FrightFest 2020 Interview: Director Adam Stovall Talks His Inventive Haunted House Horror A Ghost Waits

With its crisp black and white cinematography and playful script, A Ghost Waits is an inventive haunted house horror that revels in subverting both audience expectations and genre conventions.

When a handyman is asked to audit a house following the previous tenants’ abrupt departure, he finds a ghost who is not quite as scary as she initially appears.

As a relationship develops between the two of them, we find that the ghost, or “spectral agent” as she refers to herself, is just as insecure and lost as the rest of us.

We spoke to the director Adam Stovall ahead of its screening at this year’s FrightFest.

Rebecca Films

Zavvi: The film blends a number of different genres together. What were the points of inspiration for you when you were making it?

Adam: This comes up a lot. I don’t take a lot of inspiration from other films. I have a rule that you should never remind the audience that they could be watching a better movie.

But specifically for A Ghost Waits the two biggest inspirations were a video game and a web comic. I am not really a gamer but some friends had me play a game called P.T., which is this first person haunted house puzzle game that Guillermo del Toro and Hideo Kojima made and it is horrifying.

I started thinking about what my version of a haunted house story would be and then I saw a web comic called Saturday Morning Breakfast Cereal [which was another inspiration].

Rebecca Films

Zavvi: What kind of impact do you think video games are having on film?

Adam: It’s interesting, I think video games and horror are a similar thing. There is a ghettoisation in the culture that happens.

I never really got into the culture, but I am developing my next film and a huge part of it has been the game The Last Of Us.

Rebecca Films

It’s funny how video games give us lots of inspiration because it is so similar, but crucially different as a medium. What you can do with empathy and agency, it consumes me from time to time thinking how I can pull that over, how can I make a viewer feel like they have that kind of agency.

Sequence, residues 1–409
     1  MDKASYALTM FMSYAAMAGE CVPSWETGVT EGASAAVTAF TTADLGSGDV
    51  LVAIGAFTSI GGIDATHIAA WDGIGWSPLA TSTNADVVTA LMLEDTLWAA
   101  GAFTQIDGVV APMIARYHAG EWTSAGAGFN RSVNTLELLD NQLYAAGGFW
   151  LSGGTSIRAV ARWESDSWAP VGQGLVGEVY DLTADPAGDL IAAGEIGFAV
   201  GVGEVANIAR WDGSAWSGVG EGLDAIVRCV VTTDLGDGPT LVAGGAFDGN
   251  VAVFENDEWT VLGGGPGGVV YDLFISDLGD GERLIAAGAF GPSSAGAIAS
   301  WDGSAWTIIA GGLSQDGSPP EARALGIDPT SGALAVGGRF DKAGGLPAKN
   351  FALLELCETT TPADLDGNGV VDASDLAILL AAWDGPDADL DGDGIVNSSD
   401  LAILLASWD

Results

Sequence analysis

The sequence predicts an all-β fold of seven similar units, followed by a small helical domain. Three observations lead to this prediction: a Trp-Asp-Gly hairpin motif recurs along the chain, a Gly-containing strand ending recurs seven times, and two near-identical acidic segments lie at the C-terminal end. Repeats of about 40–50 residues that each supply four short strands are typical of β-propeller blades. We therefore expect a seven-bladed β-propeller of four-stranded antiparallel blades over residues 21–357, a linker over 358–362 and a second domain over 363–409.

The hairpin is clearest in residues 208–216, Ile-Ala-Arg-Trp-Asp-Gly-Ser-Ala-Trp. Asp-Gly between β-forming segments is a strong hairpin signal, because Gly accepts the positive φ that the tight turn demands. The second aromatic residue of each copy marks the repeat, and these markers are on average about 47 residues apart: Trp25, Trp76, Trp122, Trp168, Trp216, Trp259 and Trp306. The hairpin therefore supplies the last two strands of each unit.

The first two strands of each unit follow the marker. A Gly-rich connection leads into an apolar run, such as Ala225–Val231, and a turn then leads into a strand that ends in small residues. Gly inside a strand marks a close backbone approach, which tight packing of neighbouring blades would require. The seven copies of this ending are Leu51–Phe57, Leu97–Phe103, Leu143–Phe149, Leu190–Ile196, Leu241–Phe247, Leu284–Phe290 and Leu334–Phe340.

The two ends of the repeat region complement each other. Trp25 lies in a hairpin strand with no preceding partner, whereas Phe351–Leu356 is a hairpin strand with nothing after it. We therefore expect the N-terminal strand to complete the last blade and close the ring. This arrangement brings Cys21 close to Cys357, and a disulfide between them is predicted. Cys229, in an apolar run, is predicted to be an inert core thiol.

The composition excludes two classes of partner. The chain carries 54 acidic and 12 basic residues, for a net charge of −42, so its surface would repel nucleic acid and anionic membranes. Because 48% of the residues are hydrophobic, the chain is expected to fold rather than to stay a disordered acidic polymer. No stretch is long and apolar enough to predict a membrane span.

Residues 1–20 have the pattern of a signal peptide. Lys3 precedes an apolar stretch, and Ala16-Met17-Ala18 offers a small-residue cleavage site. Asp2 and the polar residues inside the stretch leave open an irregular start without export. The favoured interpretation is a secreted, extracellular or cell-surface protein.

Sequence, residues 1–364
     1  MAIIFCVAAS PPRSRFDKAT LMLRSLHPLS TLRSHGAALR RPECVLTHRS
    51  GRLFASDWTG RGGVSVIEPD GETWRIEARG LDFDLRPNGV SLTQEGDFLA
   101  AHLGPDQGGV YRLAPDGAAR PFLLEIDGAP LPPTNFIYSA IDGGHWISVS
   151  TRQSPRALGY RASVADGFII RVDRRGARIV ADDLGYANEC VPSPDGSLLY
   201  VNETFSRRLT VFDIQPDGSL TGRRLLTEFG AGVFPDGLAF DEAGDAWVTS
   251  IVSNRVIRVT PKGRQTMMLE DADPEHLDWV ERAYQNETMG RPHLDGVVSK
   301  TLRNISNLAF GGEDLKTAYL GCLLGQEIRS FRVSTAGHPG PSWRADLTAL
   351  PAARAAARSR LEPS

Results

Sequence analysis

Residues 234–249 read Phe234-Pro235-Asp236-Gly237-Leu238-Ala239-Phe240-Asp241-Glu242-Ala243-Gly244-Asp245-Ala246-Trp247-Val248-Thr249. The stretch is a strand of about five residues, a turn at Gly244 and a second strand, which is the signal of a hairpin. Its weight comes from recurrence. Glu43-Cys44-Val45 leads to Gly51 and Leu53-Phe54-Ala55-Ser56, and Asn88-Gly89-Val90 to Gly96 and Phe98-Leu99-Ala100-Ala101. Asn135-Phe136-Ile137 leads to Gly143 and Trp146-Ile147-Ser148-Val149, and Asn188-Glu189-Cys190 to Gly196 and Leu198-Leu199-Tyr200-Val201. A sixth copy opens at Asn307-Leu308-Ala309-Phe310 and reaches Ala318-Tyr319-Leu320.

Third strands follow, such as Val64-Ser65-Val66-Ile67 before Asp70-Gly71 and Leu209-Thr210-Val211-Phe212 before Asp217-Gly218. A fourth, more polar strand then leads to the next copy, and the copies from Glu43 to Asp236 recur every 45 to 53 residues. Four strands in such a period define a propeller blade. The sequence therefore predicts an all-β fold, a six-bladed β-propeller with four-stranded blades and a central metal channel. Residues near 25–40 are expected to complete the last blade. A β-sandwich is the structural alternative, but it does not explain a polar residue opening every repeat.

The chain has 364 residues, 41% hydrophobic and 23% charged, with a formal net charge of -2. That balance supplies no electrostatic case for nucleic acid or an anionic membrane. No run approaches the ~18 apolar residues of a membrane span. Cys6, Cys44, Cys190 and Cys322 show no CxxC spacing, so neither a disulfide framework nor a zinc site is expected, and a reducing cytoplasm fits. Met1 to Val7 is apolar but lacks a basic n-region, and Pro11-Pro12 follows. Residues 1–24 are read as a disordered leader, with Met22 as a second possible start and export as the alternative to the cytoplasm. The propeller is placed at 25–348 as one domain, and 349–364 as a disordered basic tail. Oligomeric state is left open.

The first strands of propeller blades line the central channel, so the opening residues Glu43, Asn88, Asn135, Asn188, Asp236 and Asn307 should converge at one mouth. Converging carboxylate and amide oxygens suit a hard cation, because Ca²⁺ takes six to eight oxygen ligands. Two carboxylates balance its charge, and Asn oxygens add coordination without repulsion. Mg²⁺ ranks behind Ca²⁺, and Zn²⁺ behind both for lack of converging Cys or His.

I think Jordan Peele did an interesting version of that with Get Out, where he took what he knew people would be saying in the theatre and put it on screen.

I think that is one of the more interesting things that pushes us forward is being able to see active agency full storytelling.

Rebecca Films

Zavvi: I believe you were involved in comedy before you became a filmmaker. How important was it to have humour in the story?

Adam: We made this movie for very little money, we made it for less than the cost of a base level Mercedes. If I had a six figure, or even seven figure, budget I would be losing sleep about how to make it accessible, because that’s such a huge investment you are trying to get a return on.

And so I got to make something that felt wholly myself. There is a romance to it – I am a romantic. There is comedy to it – I realised a long time ago that humour is how I process emotions. I’m never trying to write funny but I like to write messy emotional scenes and characters, and they are generally going to be funny if I do that because that’s how I process it.

When you are not dealing with a lot of money I think it is better to dig deep. I see a lot of people trying to make Boogie Nights on no money and it’s just their friends and apartments.

Rebecca Films

Zavvi: The film is beautifully shot. What influenced the look of the film?

Adam: I am a big Ingmar Bergman fan. There is a simplicity to his work that I really love. I think the two directors I get the most from, as a viewer and as a filmmaker, are Ingmar Bergman and Jonathan Demme. The curiosity, the empathy, the kindness – there is a sensibility to both those directors’ work that I feel the world needs.

In the course of A Ghost Waits, we cannot afford effects, we could barely afford the colour correction it took to make it a nice black and white, and I am still paying off music and sound stuff, but performance is the best special effect.

That’s what I knew going in. I want to watch faces, I want to watch eyes, I want to watch people have to process very complicated and messy moments.

Rebecca Films

Zavvi: The film feels very subversive. Was that something you intended?

Adam: When you’re talking about subversion, I don’t really start writing something until I worry that the story doesn’t work, because then I have a puzzle to solve.

It is so much easier to not write than write, that if something has already been done I would much rather pop some popcorn and watch it.

A Ghost Waits will play at FrightFest on Sunday 30th August at 8.45pm on the virtual Arrow Video Screen.

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Wyndham Hacket Pain

Wyndham Hacket Pain

Contributing Writer

Wyndham is a freelance film critic and former Editor-in-Chief of Pi Magazine. He has previously been involved in film festival curation and independent short films.